Peaches N’ Cream N’ The Fabric Store

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For those of you who grew up in the 80’s like me, you might remember a special Barbie Doll that made her debut wearing a floor length ruffled gown in a gorgeous shade of peach. The dress had a white sparkly bodice with sheer layers of polyester that cascaded into a wave of gathers at her feet, and a long, peach colored boa wound through her arms, the perfect accessory for this doll made in the era of TV’s Dynasty.

I was obsessed with this doll, and I didn’t get obsessed with toys very often. I knew we were poor and, from a young age, I understood it’s implications- asking for things that I knew my parents couldn’t afford seemed not only pointless, but also hurtful. I felt sure that they would give me the world if they could, so why make them feel worse than they already did? Still, this doll’s aesthetic tapped into some deep need I had, a need to exude wealth, class, and importance, to appear to be like all the other girls that I went to school with. Peaches N’ Cream Barbie represented the kind of woman who didn’t worry about money or holding down two part time jobs to make ends meet- otherwise she would not be dressed so extravagantly. She seemed confident and capable, the life of the party, good at holding court with esteemed individuals, which was something I aspired to. Why wouldn’t I be obsessed with her?

Although I never imagined that my wish would come true, Peaches N’ Cream Barbie ended up on my Christmas list, which, since my parents were not together anymore, needed to be duplicated so they could each have a copy. My mother, pragmatic as she was, must have sensed the magnitude of having this doll in my life, because on Christmas morning of that year I tore off the wrapping of a box to find, instead of the sweater or package of underwear I usually got (she, like many Moms without much disposable income, used Christmas as a way to replenish more of my needs than my wants), a beautiful Peaches N’ Cream Barbie Doll! But…she was black. For some reason I hadn’t been expecting that. To be honest I am not even sure I knew that Peaches N’ Cream Barbie CAME in black, because the black dolls didn’t end up in the commercials very often. I was thrilled that my Mom bought her for me, but I also had conflicting feelings stirring up inside that I had no idea what to do with. My Mom, (who is white), had always made it a point to buy me black dolls. I think she was trying to make up for the fact that I went to a predominantly white school, lived in a predominantly white neighborhood, and I only got to see my Dad (who is black) two weekends out of the month because that’s the way the custody battle went. She didn’t want my Southern white surroundings to damage how I felt about myself, and she understood the importance of me seeing myself in the things I played with. I know that now, and I appreciate it deeply. But at the time, I hated it. It was simply another reminder that I was different from everybody else in my life.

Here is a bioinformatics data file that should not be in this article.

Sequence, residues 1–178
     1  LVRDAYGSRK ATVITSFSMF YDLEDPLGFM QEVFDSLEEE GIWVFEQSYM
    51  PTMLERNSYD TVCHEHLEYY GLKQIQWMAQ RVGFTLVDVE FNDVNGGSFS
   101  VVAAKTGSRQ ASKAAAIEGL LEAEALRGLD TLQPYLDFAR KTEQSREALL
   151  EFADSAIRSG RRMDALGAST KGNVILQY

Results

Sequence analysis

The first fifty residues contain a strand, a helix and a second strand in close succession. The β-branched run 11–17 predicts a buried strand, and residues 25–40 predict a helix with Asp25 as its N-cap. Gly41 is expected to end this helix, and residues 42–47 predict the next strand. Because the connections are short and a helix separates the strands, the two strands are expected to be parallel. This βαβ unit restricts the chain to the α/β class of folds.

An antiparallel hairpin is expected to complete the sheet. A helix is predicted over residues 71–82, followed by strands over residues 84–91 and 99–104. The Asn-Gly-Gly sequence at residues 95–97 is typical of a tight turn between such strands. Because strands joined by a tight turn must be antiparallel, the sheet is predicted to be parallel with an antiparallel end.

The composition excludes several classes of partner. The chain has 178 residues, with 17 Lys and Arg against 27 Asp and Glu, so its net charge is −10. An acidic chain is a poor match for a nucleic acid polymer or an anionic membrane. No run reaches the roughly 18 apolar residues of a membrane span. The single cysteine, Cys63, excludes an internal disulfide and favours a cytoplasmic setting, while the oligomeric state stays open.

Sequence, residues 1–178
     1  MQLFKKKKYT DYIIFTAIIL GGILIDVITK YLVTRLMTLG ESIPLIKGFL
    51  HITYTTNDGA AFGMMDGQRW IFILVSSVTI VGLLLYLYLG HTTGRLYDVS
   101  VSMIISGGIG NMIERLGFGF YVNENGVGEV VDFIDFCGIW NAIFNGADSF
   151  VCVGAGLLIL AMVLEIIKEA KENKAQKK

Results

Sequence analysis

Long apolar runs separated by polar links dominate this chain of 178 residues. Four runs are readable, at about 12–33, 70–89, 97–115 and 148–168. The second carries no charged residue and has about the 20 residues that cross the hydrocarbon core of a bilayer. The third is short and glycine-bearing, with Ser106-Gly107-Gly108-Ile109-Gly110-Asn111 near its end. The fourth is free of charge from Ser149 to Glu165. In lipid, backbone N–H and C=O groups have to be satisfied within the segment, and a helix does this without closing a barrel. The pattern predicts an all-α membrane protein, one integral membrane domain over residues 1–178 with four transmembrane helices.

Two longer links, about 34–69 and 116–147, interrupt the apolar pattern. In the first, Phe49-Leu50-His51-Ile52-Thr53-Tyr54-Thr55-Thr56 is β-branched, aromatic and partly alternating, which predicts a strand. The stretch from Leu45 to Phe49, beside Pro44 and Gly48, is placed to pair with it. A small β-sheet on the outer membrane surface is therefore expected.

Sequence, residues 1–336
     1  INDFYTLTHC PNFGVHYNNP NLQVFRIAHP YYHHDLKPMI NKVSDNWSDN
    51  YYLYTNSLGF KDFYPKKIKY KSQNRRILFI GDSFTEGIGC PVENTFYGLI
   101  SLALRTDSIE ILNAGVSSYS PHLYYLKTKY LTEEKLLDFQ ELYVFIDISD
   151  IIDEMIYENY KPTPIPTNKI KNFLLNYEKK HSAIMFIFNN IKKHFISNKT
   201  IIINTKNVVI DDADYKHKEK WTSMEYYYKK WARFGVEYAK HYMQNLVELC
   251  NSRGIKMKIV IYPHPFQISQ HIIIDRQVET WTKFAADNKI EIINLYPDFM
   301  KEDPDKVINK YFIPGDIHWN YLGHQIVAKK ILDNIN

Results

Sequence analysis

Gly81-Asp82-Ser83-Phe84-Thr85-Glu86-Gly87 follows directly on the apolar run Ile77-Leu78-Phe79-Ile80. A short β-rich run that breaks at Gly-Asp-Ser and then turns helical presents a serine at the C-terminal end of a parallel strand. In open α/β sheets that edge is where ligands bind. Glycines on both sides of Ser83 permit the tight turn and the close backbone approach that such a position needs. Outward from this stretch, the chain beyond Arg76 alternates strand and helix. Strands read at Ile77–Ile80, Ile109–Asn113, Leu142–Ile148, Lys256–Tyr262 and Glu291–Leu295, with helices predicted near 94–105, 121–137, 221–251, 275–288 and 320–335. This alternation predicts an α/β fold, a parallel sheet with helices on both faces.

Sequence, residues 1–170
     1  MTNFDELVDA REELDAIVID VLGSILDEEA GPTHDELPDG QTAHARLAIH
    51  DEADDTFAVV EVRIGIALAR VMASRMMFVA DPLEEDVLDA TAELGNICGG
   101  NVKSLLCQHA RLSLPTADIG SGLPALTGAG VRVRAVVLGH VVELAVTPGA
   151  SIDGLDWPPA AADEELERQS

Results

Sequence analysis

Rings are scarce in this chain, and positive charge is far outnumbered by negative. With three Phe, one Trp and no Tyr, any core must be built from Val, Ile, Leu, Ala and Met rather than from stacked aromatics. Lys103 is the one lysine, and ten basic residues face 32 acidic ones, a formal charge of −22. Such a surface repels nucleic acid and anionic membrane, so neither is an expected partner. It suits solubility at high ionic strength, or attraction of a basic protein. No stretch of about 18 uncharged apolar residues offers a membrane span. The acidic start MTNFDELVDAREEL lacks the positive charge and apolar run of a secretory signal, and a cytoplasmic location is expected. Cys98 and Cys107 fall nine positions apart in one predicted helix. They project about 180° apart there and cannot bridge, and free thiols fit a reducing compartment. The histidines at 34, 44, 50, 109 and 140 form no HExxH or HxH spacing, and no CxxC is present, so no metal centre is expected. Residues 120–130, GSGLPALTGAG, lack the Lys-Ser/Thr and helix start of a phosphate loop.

I pet my news doll’s beautiful dress and combed her dark hair that was straight and glossy and not like mine at all and waited for my Dad to pick me up and take me to my grandma’s house to celebrate Christmas with him and my cousins. There, I joyfully opened up toy after toy after toy- not an item of clothing in site- and stared in disbelief as I ripped the paper off my last present and found yet another Peaches N’ Cream Barbie, this time the one with blonde hair. My white Mom had bought me the black Peaches N’ Cream doll and my black Dad had bought me the white one (clearly my parents were not on speaking terms at this point in time). There was a sense of relief that I finally had the “right” doll, the one I had been hoping for all along, but in the coming weeks, as I held the two dolls in my hands, each exactly the same save for their coloring, I was suddenly faced with the real root of my dissatisfaction. I liked the white one because that was the one that all my white friends had, and that made me feel normal. But the doll itself didn’t make me feel normal- she looked nothing like me. It was like playing around with a fantasy that I had no say in creating. And the black doll didn’t look like me either; her skin was darker than mine, and she still had hair like the white doll, just in a different shade. I didn’t see myself in either of the toys, but I felt shame for liking the white doll better and frustration for not understanding why. Of course now I know that this is what happens when you live in a white supremacist society, but back then I just felt alone. I decided to make my dolls be cousins related by marriage for a while, but eventually they started kissing and became secret girlfriends, which is what happens when you also live in a homophobic society, but I digress.